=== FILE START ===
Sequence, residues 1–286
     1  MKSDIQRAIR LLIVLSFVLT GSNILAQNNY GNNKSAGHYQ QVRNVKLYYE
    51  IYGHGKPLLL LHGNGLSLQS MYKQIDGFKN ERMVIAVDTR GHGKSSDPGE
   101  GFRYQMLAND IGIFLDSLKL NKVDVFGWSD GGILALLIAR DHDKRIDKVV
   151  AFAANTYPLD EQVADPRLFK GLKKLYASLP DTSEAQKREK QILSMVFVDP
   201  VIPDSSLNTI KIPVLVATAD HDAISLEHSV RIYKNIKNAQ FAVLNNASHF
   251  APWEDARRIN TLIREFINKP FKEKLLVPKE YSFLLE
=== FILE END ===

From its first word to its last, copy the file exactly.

Sequence, residues 1–286
     1  MKSDIQRAIR LLIVLSFVLT GSNILAQNNY GNNKSAGHYQ QVRNVKLYYE
    51  IYGHGKPLLL LHGNGLSLQS MYKQIDGFKN ERMVIAVDTR GHGKSSDPGE
   101  GFRYQMLAND IGIFLDSLKL NKVDVFGWSD GGILALLIAR DHDKRIDKVV
   151  AFAANTYPLD EQVADPRLFK GLKKLYASLP DTSEAQKREK QILSMVFVDP
   201  VIPDSSLNTI KIPVLVATAD HDAISLEHSV RIYKNIKNAQ FAVLNNASHF
   251  APWEDARRIN TLIREFINKP FKEKLLVPKE YSFLLE